maker's company mark.
Frames were lavished with semi-precious stones, pearls,
enameling, cameos, glass jewels and faux adornments. Many were cast in heavy
embossed sterling silver with deep repousse workmanship, others of quality
silver plate or 800 parts silver, often flaunting whimsical cherubs, winged
creatures or mythological characters. The much-admired Aubusson tapestry
handbags are recognized as true works of art and deservingly so.
changed, hand weaving tapestry took a back door to the machine woven examples of
the 1930s,' 40s and '50s. Designer tapestry bags were made in France for
companies like Walborg. During this era, the French maintained their position in
the forefront of tapestry handbags by continuing to produce what is considered
the best from that time. The romantic portraits and countryside scenes
maintained their popularity with the best styles having different figural poses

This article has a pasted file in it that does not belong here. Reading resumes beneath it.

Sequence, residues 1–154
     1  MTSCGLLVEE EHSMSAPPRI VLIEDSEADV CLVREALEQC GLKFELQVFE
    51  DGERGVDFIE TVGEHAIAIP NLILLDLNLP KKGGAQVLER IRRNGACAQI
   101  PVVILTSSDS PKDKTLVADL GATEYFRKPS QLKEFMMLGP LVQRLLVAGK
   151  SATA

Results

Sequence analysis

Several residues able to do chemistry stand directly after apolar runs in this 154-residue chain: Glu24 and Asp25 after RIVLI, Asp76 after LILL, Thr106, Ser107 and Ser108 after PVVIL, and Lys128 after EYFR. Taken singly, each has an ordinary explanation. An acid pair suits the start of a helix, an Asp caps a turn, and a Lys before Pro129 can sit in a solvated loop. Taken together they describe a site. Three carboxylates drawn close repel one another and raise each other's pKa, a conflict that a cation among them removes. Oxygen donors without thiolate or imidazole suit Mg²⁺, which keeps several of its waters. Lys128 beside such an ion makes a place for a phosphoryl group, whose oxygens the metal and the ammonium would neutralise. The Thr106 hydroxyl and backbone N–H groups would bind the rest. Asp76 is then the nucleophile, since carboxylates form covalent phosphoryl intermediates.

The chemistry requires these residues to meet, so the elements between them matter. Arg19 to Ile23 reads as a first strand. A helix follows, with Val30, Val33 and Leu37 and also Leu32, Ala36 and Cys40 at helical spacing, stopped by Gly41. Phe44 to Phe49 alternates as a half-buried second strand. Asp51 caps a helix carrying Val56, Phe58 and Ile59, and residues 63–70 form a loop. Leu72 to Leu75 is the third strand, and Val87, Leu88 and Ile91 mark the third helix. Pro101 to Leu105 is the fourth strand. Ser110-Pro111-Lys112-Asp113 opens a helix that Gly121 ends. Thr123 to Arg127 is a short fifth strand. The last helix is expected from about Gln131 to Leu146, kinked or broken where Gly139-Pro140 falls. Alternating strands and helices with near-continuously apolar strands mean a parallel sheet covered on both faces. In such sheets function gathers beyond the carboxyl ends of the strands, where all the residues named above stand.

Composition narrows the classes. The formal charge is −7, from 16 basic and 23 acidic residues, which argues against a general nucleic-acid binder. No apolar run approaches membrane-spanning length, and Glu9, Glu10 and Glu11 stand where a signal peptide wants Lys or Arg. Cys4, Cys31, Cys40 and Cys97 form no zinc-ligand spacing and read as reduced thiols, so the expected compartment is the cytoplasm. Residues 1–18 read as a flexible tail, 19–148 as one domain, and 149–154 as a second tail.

on each side. Frames were primarily embossed brass, and a few had stones or
other embellishments. Some were plated, celluloid, Lucite or of similar
In America, the 1950s furnished tapestry from Theodore of
California and JR (Julius Resnick) produced a variety, some with plastic
interior dividers. La Marquise used both Italian and French tapestry, some
having vinyl linings and zippered interior pockets. Austria, West Germany and
the Asian communities all manufactured vintage tapestry bags, but none have even
come close to the qualities of the French examples, making them the most desired
tapestry bags in the marketplace today.
Dating the tapestry purse can
sometimes be a challenge for the novice. Many times, tapestry bags were
constructed from earlier tapestry cloth; other pieces of tapestry were designed
specifically for handbags. The purse's frame does often indicate the age of the
purse, although not always conclusively. However, with a little practical
experience and study, one should be able to distinguish the different eras
rather easily. There are evident attributes that are apparent when inspecting an
· The appearance of the weave is so much finer than that
of machine made;
· The use of ornate and jeweled frames;
· The linings
were masterfully gathered about the frame's interior edge and included pockets,
matching cinched trimmings, and some had attached mirrors.
differentiate is the tapestry itself. A common error is the confusion between
the tapestry and the petit point purse. Purse dealers that pride themselves with